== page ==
"I was in England from October 1969 until April 1970, at the Loughborough Technology University, in Middle England, two hours by train from London.
I used to go to London at the weekends and found Marks & Co when I was trying to get a copy of Mommsen's "History of Rome". A nice gentleman, in answer to my request, said : "I have it, but I can't sell it to you because I don't know where it is." He took me to the basement, pointed to the shelves full of books and told me : "Try to find it". I spent half an hour searching for it without success. Then I asked him to save it for me because I'd return as many times as needed. Finally, many weeks later, the set of five volumes in hardcover lay on his desk. I asked about the cost, fearing that I would have to pay a large sum, because it was clear that I was almost begging to buy it. The cost was only £3.00!
"

 

Left (above): browsers outside '84' during the late 1940's / early 1950's.
Centre (above): Outside '84' circa 1951
Right (above): shows browsers in 1970 shortly before the shop closed
Take away the people and you will see that very little had changed over that 20 year period.

The shop became a mecca for overseas book buyers as far back as the 1930's. Alberta and Henry Burke, two Jane Austen collectors, came to London in the summer of 1935. Forty years later in a letter to Charles Ryskamp the Director of the Pierpont Morgan Library, Henry Burke recalls their visit..

"We found a sympathetic friend in Mr.Cohen at Marks and Company on Charing Cross Road not too far from Trafalgar Square. We gave him a list of our wants and were amazed at the response we received within the next few months. Equally significant was Mr.Plummer, who was working on reconstituting complete sets of 'Ackermann's Repository'. A complete set in beautiful green morocco was selling for $350.00. We contented ourselves with buying odd,inexpensive,imperfect volumes."

With the outbreak of war in 1939 Marks & Co, along with many other antiquarian booksellers in London, needed to find safer storage for their more valuable books. With their international mail order sales declining fast, Marks shipped quantities of stock to Dawson's bookshop in Los Angeles with whom they already had a reciprocal agency agreement. The American booksellers took titles on a 'safe keeping or sale' basis for the duration of hostilities.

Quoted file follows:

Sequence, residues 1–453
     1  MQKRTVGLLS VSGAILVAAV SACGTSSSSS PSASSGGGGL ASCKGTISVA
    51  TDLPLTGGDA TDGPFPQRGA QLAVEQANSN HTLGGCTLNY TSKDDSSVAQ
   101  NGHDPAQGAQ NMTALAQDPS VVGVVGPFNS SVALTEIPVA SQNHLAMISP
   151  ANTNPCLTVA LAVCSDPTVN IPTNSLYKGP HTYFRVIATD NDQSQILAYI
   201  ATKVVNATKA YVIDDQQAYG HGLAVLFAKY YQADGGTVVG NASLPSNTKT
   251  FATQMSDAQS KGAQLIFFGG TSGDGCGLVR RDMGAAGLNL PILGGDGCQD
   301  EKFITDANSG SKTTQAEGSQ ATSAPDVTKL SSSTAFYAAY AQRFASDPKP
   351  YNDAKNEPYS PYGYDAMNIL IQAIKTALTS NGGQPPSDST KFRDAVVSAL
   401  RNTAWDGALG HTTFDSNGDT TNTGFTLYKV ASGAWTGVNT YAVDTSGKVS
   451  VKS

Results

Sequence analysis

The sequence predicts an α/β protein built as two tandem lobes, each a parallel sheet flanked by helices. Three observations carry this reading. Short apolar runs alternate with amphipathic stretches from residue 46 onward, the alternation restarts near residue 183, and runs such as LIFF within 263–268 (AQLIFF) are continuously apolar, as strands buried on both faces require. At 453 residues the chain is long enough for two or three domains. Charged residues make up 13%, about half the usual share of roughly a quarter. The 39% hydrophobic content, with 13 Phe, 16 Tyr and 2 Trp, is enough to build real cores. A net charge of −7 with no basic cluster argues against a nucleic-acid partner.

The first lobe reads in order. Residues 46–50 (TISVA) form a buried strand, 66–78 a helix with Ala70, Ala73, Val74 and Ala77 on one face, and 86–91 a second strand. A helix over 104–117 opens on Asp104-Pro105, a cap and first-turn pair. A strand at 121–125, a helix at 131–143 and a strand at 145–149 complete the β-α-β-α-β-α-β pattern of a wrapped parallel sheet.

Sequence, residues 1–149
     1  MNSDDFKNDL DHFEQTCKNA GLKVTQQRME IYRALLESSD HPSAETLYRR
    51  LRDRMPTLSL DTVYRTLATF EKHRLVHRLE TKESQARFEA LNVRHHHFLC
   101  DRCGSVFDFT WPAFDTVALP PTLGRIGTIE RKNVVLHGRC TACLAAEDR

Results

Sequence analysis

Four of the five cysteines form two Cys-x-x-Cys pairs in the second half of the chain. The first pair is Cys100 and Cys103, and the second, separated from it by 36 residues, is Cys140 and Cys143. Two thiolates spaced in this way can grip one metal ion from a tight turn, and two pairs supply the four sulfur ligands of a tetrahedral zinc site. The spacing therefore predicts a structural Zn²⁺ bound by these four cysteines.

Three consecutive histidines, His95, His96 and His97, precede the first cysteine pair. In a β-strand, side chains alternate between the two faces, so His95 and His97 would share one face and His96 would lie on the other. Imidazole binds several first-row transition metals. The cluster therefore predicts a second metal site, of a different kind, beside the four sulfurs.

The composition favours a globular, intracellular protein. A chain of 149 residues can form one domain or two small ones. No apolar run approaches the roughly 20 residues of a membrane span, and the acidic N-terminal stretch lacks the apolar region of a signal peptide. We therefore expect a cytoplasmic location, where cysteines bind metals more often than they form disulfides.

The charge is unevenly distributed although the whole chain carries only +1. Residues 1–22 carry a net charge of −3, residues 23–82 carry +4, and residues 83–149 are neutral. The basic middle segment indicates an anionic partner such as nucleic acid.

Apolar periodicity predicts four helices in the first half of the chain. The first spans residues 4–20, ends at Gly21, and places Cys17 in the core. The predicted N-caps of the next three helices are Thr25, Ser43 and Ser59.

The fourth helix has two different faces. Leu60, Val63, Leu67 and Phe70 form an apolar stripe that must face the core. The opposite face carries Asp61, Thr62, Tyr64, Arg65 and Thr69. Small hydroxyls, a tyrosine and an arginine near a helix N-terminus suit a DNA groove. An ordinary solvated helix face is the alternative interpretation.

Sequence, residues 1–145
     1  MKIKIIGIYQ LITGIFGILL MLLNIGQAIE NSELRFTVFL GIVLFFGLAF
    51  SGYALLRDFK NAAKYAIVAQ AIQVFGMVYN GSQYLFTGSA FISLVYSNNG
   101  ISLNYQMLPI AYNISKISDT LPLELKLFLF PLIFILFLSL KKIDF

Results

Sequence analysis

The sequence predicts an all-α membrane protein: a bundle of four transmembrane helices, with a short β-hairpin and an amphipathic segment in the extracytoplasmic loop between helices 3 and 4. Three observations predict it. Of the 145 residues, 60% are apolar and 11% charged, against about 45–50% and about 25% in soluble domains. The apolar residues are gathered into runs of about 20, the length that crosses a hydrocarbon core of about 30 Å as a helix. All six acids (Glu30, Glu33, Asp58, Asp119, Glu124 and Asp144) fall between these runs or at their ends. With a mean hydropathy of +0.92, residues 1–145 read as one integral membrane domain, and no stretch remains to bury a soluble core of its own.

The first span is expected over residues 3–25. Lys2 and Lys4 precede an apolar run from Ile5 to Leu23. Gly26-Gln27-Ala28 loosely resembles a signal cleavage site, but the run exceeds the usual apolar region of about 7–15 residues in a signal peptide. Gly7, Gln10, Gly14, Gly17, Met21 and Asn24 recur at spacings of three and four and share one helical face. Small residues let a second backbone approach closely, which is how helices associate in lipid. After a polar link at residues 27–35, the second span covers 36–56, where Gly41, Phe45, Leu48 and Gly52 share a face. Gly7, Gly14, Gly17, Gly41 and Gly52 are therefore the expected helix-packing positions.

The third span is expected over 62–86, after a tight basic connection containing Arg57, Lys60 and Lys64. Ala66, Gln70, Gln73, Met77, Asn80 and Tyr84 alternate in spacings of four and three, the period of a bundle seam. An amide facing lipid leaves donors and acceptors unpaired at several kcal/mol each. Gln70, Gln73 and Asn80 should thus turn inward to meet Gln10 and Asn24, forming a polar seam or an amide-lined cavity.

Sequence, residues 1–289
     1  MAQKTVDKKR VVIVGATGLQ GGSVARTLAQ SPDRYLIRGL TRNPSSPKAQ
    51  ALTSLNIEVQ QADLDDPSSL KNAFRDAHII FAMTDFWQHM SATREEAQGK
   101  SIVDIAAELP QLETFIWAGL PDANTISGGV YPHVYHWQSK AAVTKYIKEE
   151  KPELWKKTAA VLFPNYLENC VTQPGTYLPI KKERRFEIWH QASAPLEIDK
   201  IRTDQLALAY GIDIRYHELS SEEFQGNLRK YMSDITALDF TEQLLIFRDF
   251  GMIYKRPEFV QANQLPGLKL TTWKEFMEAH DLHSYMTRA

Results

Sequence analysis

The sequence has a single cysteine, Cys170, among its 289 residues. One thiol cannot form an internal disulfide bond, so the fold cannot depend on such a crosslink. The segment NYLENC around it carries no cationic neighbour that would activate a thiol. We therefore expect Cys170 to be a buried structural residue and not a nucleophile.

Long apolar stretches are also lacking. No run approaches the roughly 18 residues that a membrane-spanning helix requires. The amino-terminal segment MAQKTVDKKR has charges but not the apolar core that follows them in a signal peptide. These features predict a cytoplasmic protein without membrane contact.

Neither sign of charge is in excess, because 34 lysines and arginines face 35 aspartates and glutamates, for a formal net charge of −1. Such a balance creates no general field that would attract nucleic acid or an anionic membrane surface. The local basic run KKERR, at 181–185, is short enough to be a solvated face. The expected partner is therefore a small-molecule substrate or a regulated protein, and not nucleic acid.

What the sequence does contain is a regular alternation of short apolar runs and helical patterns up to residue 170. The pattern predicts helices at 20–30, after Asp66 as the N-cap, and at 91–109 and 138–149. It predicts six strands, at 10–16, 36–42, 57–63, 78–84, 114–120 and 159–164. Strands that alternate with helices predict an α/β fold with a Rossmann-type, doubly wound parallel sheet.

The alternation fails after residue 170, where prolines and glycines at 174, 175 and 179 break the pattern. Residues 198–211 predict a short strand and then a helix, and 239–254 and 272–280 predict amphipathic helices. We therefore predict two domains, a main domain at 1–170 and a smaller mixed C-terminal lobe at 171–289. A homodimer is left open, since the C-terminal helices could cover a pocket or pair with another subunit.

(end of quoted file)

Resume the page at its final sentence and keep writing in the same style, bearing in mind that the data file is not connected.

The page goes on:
Dawson's seem to have paid particular attention to the 'sale' part of the bargain as they recalled that very few books were returned to Marks & Co at the end of the war.

The late Michael Foot was instrumental in getting a preservation order on the Charing Cross Road site which has ensured its survival. However since the late 1990's the premises have been home to a succession of bars, cafes and restaurants none of which seem to last very long. The latest occupant is Leon de Bruxelles, a trendy Belgian restaurant! (pictured on the left in 2013, the plaque is not visible but is apparently still there). Who knows, if this current gastronomic venture fails the place could well re-open as a bookshop?! To see other views of the exterior in the 1990's click here. Also of interest are two artist's impressions of the shop,click here to view. A plaque (pictured right - taken in 1994) commemorates the shop and Helene Hanff's book.

Ironically the picture most widely associated with Marks and Co (above), was taken by Australian photographer and publisher Alec Bolton in 1969, after Frank Doel's death. Click on this picture to take a look inside the shop.